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I have got a total sample size of 12 soil samples which were split into 4 groups of $n=3$. A number of different variables were measured like content of organic carbon. These data are logistically difficult and expensive to collect, so collecting more data is not possible. Now I want to compare the means of the 4 groups ($n=3$) by testing. But there is the problem that the normal distribution (Shapiro-Wilk) and homoscedasticity (Brown-Forsythe/Levene) is not given in each sample. So which test should I prefer? What do you think? Is it even useful to use test statistics in this case? Are there any alternatives beneath descriptive statistics?


OK, here are some details. The soil samples are from a long-term experiment site with four different treatments (plough, no tillage and so on). From each of these four treatments I have 3 soil samples. The different variables are measured in metric data. For example - content of organic carbon [g/kg]: (Group 1: 12.1 // 13.2 // 13.5), (Group 2: 13.1 // 13.9 // 13.5), (Group 3: 8.9 // 10.2 // 11.9). Now I wanted to test if there are any significant differences among the medians of these groups. In addition, concentrations of different substances in soils are generally not normal distributed.

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    $\begingroup$ what kinds of variables did you collect data on? What types of variables (ie. continuous or binary/categorical)? $\endgroup$ Sep 3 '13 at 22:29
  • $\begingroup$ I made a suggestion before relating to permutation-based methods; those suffer from exactly the same problem that I point out in respect of rank based methods below. $\endgroup$
    – Glen_b
    Sep 3 '13 at 22:55
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Please refer to questions on testing for assumptions of your model. They are usually a pointless endeavour and particularly so in this case.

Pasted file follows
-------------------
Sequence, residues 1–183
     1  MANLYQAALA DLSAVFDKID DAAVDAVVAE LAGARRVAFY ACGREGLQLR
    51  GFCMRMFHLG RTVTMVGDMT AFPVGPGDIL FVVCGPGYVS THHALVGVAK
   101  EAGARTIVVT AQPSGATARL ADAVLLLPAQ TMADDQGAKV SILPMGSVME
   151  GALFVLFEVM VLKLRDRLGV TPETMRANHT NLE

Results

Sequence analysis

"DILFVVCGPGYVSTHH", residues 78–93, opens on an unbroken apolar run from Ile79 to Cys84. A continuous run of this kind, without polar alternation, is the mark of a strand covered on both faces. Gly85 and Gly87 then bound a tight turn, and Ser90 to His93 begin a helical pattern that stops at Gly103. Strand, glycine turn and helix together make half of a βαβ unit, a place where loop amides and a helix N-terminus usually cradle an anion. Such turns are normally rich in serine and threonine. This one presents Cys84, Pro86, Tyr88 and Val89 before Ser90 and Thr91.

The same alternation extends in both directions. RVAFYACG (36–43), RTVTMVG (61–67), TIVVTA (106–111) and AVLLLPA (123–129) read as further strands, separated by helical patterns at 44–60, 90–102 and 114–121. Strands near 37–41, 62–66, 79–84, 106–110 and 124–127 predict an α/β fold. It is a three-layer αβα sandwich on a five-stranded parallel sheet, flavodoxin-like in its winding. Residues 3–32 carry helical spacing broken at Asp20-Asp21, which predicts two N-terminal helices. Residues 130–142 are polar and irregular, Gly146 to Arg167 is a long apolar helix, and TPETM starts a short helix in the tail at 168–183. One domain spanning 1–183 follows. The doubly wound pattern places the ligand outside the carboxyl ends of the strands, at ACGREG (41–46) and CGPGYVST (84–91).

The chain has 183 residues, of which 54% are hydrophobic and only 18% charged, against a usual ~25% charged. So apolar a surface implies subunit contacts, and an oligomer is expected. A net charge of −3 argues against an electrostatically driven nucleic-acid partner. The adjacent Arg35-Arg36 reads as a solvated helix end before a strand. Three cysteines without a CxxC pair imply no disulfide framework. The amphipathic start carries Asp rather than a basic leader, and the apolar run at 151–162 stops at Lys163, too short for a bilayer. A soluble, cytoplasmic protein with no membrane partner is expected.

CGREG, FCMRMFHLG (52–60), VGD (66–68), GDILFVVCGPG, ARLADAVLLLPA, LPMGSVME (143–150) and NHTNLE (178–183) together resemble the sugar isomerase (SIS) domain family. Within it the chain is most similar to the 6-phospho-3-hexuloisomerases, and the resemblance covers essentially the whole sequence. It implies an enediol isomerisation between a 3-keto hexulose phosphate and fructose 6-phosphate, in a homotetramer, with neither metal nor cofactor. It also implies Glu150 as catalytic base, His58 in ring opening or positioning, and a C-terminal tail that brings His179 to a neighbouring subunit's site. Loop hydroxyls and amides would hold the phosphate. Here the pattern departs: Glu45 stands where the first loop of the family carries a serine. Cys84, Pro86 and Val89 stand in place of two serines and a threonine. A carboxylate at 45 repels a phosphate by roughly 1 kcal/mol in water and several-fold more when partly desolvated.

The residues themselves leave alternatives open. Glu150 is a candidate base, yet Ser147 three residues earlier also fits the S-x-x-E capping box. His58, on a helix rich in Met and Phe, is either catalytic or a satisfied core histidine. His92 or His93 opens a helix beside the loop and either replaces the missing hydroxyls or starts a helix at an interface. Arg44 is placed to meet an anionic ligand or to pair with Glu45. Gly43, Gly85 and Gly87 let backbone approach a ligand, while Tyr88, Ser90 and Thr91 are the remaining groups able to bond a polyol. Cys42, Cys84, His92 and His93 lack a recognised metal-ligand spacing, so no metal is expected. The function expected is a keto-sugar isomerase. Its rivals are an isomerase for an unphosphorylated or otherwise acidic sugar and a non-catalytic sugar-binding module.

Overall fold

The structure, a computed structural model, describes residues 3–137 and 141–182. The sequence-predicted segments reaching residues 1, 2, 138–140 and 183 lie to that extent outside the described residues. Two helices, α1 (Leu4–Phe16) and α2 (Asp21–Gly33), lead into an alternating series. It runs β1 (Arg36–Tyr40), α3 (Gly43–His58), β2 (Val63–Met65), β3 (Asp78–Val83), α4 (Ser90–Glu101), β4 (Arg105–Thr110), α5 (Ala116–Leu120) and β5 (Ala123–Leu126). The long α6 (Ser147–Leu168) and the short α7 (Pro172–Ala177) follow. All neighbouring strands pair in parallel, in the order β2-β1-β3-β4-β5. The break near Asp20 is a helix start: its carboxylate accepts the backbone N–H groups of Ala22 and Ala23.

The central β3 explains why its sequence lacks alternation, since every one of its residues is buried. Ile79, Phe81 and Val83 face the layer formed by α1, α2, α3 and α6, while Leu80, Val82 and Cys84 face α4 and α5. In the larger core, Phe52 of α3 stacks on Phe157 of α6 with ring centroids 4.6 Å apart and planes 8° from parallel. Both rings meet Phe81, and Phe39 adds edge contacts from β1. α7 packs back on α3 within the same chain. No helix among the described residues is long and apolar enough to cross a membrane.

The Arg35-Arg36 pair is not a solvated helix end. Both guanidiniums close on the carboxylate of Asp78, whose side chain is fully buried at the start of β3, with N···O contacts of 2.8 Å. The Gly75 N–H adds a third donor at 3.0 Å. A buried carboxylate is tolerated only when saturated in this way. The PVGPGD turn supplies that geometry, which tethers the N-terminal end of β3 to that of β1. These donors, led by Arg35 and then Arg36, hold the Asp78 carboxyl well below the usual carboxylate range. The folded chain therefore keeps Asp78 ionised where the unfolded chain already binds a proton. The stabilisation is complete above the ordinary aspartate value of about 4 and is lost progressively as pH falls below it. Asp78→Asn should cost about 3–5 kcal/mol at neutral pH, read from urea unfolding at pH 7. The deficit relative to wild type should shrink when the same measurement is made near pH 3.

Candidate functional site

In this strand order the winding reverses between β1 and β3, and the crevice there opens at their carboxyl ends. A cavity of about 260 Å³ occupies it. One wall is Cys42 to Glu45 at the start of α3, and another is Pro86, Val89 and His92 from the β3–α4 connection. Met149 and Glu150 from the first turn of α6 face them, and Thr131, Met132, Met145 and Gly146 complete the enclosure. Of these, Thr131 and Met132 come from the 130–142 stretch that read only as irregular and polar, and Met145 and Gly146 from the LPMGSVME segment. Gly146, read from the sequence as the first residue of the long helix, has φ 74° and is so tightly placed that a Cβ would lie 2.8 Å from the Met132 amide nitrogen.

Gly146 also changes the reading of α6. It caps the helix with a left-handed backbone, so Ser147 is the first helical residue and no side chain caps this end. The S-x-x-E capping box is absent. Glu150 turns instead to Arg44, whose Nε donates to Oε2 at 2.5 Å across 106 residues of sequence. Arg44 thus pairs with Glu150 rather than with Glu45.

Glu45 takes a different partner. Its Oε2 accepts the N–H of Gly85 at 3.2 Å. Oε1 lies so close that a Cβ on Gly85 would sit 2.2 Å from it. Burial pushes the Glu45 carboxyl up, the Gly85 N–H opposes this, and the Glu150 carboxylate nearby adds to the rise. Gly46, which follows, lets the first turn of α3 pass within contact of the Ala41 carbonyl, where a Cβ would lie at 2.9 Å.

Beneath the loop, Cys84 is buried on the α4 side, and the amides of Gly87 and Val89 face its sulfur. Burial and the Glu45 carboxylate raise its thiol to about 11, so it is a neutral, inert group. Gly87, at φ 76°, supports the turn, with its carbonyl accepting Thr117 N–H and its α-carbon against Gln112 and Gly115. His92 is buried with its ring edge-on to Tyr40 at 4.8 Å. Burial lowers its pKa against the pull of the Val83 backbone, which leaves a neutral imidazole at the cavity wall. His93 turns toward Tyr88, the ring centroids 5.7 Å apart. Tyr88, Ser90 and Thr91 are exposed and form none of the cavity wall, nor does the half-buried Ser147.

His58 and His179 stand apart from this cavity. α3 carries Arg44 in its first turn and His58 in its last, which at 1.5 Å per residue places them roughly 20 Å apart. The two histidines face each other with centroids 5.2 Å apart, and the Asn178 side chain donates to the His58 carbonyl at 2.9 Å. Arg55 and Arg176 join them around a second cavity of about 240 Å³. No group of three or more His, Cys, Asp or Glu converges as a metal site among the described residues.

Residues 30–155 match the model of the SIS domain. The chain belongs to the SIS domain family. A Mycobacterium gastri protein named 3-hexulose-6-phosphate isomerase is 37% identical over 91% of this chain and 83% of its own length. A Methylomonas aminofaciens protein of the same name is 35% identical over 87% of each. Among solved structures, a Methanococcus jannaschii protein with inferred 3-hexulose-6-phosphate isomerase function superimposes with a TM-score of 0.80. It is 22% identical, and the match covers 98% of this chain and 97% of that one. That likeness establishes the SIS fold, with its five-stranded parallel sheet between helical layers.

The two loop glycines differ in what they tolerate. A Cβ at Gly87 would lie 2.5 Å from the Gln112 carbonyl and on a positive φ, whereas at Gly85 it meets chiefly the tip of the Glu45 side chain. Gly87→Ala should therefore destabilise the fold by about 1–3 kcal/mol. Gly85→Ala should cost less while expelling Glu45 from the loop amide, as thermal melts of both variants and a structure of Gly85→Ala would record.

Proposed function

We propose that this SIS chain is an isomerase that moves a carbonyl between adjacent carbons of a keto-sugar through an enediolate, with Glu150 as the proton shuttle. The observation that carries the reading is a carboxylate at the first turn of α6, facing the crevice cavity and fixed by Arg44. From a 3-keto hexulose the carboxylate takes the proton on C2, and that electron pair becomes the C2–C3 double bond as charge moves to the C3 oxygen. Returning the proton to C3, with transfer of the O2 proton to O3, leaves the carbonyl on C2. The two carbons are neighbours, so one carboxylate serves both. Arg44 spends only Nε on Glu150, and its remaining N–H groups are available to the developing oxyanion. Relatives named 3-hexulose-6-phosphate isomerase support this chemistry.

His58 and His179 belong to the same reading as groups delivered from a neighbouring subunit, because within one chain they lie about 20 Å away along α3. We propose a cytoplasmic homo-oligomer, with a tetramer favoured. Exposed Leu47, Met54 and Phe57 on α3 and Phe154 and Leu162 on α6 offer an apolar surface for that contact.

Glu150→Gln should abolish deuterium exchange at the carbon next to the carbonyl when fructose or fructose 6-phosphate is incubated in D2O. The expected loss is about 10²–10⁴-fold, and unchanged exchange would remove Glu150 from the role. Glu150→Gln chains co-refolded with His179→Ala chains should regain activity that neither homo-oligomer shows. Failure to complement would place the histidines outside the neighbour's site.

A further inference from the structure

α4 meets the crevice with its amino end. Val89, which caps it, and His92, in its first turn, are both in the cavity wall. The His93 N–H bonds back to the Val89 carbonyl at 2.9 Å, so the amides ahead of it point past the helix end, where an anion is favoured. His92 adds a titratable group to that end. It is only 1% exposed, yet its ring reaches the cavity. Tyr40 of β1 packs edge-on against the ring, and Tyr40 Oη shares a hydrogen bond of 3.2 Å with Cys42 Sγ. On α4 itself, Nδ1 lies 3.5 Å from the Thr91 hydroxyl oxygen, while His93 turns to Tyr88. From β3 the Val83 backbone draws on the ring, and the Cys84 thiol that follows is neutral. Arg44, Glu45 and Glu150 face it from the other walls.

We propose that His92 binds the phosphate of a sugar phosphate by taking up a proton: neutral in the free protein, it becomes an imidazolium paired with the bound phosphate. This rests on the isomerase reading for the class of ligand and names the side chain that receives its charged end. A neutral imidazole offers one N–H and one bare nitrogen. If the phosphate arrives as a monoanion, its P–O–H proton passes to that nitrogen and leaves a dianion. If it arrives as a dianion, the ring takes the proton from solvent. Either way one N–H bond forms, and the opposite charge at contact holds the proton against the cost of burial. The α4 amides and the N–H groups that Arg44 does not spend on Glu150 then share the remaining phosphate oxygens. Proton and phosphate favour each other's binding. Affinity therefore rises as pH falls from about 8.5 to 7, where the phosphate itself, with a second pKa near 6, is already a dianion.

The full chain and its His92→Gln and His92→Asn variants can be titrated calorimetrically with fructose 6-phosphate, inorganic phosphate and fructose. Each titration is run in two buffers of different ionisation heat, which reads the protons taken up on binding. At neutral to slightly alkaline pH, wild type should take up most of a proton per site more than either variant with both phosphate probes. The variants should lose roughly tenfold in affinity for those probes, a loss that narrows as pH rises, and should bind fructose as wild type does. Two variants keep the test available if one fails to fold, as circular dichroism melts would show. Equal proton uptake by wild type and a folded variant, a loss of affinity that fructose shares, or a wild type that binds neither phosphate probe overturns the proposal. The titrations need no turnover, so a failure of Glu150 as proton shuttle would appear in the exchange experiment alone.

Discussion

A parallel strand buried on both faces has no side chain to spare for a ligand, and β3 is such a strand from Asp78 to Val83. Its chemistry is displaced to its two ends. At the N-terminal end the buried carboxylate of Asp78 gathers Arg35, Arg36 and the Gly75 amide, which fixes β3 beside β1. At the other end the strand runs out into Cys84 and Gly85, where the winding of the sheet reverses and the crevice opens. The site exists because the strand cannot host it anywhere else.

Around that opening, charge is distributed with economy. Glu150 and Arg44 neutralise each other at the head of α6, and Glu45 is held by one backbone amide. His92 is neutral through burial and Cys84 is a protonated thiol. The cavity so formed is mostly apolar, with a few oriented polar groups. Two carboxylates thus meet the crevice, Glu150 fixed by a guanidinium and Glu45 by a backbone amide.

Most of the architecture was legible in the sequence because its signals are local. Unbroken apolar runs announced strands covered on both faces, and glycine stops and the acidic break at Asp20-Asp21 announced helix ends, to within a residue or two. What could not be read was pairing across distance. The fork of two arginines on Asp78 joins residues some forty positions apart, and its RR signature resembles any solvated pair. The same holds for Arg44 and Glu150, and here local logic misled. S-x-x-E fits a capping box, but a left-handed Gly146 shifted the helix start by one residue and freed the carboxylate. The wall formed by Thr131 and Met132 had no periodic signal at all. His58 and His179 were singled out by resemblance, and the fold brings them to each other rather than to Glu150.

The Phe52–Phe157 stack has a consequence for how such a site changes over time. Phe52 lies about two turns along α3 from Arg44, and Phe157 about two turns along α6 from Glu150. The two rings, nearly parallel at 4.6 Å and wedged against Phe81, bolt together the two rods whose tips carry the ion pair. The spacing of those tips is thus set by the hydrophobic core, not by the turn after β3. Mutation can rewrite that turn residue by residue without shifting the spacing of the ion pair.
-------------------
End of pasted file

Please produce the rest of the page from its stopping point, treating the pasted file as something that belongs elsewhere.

Simple parametric tests, such as t-test and ANOVA, were designed for small samples sizes. So, there's not necessarily any good reason to be considering other tests. But one would really need much more information to offer better advice.

EDIT: You have 9 data points in total. Just talk about the raw data and ignore statistical summaries. The issue with the fundamental assumption of representativeness, for any discussion of the data, is going to be your biggest problem. Non-parametric tests require bigger Ns than you have and parametric ones require more information. From the values you have I'd just say that groups 1 and 2 are easily samples from the same soil but for group 3 it might be a little less and argue for collecting more data.

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  • $\begingroup$ +1 The OP may have some idea of suitable assumptions from external-to-the-data considerations - e.g. other, similar, data from other studies might give an idea of whether the distributions would tend to be skew, for example, with nonconstant variance -- or theoretical considerations may give some feel for things like that. If the OP feels that the usual t-test assumptions aren't reasonably close to tenable, there's always parametric methods that make different assumptions. ...(ctd) $\endgroup$